Nominations closed on Tuesday (Jul 28) for candidates taking part in Indonesia’s local elections, which for the first time ever, will be conducted simultaneously across the country.
The polls, to be held Dec 9, will see governors, district heads and mayors elected to lead 269 provinces, districts and cities. In some districts however, the nomination period has been extended to Sunday because of a lack of contestants. The once-powerful Golkar Party, troubled by recent internal conflicts, managed to settle its differences in time to nominate at least 219 pairs of candidates for this year’s direct local elections.
Political experts expect parties will use these elections to exert their influence on the ground, in the run-up to the next presidential election. At the same time, local election results could be seen as a report card for President Joko Widodo, who is with the Indonesia Democratic Party of Struggle (PDIP). “We will have to see whether the parties that are going to win the elections are going to be those that belong to PDIP, and other members of Jokowi’s coalition, or would they belong to the Gerindra, Golkar, and the other parties representing the opposition,” said Dr Alexander Raymond Arifianto, research fellow at the S Rajaratnam School of International Studies. “More importantly this is going to be a referendum for Jokowi’s policies after he’s been one year in office.”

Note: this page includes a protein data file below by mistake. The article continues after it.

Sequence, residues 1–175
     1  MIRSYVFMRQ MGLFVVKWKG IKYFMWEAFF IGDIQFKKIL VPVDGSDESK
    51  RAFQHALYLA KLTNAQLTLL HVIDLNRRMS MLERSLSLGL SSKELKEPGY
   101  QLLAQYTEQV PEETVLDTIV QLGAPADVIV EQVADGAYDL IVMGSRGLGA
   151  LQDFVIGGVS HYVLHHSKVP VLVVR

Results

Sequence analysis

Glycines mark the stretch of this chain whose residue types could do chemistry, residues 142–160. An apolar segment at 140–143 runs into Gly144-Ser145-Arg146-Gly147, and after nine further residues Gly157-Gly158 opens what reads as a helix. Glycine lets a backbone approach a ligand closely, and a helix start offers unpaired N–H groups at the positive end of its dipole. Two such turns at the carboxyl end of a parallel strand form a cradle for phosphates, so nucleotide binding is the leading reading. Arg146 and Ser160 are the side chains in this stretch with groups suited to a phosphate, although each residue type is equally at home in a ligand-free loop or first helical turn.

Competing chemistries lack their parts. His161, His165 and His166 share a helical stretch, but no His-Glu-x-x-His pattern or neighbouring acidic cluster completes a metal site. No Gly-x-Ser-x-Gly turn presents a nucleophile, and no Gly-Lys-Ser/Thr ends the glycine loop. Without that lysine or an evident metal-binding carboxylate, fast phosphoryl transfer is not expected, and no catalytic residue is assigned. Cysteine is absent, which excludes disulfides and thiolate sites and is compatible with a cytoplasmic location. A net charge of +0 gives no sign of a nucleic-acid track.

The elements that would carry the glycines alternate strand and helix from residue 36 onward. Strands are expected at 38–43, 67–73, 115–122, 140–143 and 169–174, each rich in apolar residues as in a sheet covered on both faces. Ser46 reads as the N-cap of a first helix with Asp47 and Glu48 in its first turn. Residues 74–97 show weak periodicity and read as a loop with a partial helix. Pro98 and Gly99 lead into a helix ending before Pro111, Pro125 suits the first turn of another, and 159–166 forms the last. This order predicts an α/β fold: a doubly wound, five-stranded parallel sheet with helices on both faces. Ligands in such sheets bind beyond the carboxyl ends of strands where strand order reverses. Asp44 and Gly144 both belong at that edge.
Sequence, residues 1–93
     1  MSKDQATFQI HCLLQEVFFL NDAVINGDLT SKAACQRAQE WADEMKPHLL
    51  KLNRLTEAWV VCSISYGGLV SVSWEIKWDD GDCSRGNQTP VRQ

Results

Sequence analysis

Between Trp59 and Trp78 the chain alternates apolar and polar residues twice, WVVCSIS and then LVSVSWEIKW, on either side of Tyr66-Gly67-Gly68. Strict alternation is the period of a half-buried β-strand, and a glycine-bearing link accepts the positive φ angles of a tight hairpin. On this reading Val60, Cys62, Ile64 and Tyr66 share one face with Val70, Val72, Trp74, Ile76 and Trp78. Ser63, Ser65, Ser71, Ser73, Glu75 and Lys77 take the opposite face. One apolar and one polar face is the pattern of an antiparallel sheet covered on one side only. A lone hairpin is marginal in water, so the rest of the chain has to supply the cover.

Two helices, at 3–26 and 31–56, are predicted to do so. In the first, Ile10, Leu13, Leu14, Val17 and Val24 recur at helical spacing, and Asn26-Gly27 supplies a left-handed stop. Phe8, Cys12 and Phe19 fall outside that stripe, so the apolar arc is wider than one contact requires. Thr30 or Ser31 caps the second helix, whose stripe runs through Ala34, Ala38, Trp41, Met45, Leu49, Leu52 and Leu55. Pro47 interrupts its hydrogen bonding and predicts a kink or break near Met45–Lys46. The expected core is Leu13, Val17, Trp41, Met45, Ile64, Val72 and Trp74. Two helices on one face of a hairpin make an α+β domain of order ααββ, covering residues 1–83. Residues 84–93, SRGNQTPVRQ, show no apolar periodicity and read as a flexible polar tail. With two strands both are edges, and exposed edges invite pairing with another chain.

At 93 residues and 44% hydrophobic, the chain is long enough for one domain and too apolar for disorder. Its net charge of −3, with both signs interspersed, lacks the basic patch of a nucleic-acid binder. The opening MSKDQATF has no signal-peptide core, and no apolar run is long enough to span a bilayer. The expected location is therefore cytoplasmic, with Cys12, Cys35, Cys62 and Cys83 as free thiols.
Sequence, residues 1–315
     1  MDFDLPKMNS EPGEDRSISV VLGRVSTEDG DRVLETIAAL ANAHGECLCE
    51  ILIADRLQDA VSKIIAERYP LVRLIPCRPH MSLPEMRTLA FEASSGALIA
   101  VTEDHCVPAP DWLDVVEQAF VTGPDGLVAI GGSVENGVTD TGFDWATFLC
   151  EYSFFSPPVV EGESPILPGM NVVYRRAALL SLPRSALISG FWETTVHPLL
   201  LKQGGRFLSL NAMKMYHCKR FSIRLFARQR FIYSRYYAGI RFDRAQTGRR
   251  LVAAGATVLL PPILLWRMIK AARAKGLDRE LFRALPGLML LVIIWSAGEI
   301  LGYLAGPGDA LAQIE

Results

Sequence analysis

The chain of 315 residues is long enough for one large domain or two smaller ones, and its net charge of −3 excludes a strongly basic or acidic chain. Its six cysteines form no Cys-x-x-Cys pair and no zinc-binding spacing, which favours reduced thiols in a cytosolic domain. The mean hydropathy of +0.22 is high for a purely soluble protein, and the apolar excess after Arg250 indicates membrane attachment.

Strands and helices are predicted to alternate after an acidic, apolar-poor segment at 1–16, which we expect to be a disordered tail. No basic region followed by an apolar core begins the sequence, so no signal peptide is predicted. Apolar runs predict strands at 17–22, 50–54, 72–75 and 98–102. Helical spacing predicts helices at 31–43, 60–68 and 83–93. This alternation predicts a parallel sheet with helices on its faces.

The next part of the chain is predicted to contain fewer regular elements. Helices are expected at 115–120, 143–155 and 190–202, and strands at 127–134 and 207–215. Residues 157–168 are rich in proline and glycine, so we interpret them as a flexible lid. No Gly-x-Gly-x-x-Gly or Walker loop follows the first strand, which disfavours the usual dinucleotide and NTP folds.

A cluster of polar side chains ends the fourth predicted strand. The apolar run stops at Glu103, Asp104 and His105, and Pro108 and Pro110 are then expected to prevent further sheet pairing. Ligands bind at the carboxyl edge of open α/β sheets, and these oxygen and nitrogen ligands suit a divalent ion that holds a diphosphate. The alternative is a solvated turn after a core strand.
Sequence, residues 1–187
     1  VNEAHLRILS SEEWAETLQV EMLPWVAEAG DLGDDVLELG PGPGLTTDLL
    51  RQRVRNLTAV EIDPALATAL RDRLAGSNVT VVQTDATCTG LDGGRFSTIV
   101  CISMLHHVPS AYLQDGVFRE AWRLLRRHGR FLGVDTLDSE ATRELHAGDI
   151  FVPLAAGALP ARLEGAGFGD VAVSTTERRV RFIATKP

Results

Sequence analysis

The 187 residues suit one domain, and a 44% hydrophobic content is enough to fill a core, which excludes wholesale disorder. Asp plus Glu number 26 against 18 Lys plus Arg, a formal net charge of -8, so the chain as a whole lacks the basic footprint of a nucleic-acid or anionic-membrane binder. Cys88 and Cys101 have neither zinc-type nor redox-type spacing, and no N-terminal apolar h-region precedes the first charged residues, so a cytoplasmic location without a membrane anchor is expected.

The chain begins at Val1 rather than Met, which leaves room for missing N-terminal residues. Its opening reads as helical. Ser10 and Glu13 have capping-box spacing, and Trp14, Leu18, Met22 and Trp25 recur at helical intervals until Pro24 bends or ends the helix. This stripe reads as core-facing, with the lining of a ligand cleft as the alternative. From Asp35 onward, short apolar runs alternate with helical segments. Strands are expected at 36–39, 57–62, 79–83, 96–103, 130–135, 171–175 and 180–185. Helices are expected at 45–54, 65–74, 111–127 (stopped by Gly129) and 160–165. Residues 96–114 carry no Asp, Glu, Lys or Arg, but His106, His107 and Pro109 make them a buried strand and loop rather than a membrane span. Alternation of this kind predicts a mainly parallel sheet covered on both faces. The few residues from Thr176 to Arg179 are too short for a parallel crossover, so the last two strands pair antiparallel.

QUALITY OF CANDIDATES WORRYING
The General Elections Commission says 810 pairs of candidates were registered to contest in the local elections by Wednesday (Jul 29), after nominations closed for most districts. However, the large number of potential candidates has raised concern. “From the democratic perspective this is good, but the quality still makes us worried, especially because according to the regulations everybody can become a candidate, and mostly they are chosen because they have a lot of money,” said Dr Indria Samego, a professor of research and development at the Indonesian Institute of Sciences.